government bonds interest rates
Longer-term interest rates are quite low around the world. Figure 1 below shows ten-year government bond yields since 1990 for the United States, Canada, Germany, the United Kingdom, and Japan. The downward trend is clear. Moreover, further sharp declines in longer-tem yields have occurred over the past year or so. For example, in the US, ten-year Treasury yields have fallen from around 3 percent at the end of 2013, to about 2.5 percent during the summer of 2014, to around 1.9 percent today. The recent renewed decline was unexpected by most observers, including me. Why are longer-term interest rates so low? And why have they fallen even further recently, despite signs of strength in the US economy?
To explain the behavior of longer-term rates, it helps to decompose the yield on any particular bond, such as a Treasury bond issued by the US government, into three components: expected inflation, expectations about the future path of real short-term interest rates, and a term premium. At present, all three components are helping to keep longer-term interest rates low. Inflation is low and expected to remain so, so lenders are not demanding higher returns to compensate for anticipated losses in their purchasing power. Short-term interest rates are also expected to remain low, as bondholders appear pessimistic about growth prospects and the sustainable returns to capital in coming years. When short-term rates are expected to remain low, longer-term rates tend to get bid down as well.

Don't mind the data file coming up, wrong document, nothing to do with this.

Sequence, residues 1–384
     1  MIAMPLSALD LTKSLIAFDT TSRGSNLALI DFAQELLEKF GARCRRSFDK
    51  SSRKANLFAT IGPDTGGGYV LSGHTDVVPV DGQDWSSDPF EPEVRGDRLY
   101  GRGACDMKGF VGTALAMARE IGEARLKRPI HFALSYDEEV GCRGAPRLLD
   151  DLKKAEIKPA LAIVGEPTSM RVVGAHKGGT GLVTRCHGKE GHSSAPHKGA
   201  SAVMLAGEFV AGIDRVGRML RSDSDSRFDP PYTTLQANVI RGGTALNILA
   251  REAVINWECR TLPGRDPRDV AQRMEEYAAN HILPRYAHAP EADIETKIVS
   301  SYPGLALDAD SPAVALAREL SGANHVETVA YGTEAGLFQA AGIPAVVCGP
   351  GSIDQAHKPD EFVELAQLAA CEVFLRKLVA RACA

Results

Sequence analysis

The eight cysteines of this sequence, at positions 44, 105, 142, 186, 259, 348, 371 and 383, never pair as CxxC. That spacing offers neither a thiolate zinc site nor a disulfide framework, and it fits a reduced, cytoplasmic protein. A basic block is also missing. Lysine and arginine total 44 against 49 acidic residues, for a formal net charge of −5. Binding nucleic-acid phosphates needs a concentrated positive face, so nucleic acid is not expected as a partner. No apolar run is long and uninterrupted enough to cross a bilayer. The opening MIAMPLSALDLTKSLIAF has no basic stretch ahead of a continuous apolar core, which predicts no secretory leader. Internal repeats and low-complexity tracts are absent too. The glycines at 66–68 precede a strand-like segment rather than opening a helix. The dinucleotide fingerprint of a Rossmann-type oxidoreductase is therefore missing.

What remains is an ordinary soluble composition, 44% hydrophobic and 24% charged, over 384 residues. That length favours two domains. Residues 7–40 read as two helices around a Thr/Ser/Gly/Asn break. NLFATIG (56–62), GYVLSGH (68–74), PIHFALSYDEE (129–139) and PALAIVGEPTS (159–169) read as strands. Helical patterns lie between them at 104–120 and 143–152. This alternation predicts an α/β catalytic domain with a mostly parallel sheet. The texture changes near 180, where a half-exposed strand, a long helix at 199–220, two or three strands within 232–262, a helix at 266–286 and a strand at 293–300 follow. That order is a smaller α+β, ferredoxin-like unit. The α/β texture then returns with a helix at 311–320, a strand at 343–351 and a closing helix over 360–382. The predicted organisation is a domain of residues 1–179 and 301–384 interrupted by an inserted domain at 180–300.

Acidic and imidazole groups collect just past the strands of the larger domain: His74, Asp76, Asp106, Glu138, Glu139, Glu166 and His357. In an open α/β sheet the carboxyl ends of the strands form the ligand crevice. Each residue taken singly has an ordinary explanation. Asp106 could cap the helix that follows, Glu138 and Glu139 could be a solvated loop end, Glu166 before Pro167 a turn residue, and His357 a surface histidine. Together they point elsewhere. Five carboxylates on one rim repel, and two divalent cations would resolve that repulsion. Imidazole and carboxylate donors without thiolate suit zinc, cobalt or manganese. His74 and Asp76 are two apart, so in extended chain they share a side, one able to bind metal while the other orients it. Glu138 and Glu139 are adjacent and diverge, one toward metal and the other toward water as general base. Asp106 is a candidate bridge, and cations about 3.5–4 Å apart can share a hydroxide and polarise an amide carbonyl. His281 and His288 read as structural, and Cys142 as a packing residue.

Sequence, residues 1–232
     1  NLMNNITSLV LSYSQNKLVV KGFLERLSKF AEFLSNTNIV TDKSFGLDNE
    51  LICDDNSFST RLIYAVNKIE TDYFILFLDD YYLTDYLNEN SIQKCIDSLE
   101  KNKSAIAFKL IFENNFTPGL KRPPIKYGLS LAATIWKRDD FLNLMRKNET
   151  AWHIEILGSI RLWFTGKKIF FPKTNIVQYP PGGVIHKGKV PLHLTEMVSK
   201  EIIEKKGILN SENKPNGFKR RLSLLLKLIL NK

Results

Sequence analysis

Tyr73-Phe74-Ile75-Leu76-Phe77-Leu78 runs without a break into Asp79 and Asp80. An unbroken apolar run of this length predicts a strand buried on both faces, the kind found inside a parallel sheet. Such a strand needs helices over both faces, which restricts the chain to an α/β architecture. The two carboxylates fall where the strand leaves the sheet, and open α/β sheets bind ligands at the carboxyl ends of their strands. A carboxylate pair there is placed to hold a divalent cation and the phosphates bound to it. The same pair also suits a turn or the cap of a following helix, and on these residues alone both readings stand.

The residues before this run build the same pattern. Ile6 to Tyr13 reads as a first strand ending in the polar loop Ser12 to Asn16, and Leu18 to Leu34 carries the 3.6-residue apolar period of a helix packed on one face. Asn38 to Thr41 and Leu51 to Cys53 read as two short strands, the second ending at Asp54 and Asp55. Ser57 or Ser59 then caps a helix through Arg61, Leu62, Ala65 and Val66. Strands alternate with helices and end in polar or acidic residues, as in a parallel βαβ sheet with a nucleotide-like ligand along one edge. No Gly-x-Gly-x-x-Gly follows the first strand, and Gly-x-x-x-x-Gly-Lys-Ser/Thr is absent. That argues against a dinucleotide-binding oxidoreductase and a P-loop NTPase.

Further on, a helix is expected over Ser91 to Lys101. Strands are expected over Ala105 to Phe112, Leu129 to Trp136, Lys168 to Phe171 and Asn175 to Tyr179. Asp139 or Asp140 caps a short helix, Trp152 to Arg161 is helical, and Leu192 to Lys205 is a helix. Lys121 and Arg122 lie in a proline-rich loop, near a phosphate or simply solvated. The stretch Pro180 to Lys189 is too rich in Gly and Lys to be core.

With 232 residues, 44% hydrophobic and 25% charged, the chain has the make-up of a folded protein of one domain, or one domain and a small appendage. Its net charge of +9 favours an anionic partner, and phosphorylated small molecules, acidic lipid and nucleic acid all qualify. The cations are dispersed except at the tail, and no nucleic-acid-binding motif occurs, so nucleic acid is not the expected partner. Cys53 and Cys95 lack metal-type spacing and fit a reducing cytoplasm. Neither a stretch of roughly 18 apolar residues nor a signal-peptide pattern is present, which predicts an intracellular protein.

The focus of this post, though, is on the behavior of term premiums—the third component of bond yields. Briefly, a term premium is the extra return that lenders demand to hold a longer-term bond instead of investing in a series of short-term securities (a new one-year security each year, for example). Typically, long-term yields are higher than short-term yields, implying that term premiums are usually positive (investors require extra compensation to hold longer-term bonds instead of short-term securities).
Term premiums cannot be directly observed but must be estimated from data on short-term and longer-term interest rates. Figure 2 below shows the ten-year yield on US government bonds and the associated term premium since 1961, as estimated in recent work by Tobias Adrian, Richard K. Crump, and Emanuel Moench at the Federal Reserve Bank of New York. For example, on January 2 of last year, an investor holding a ten-year Treasury bond earned a 3.2 percent yield, of which 1.6 percentage points (the estimated term premium) was the investor’s compensation for holding a longer-term security. As the figure shows, like overall yields, term premiums have generally trended down since the early 1980s. The figure also shows the sharp decline in both longer-term yields and term premiums over the past year or so.
So what moves term premiums? The key factors are (1) changes in the perceived riskiness of longer-term securities and (2) changes in the demand for specific securities (or classes of securities) relative to their supply.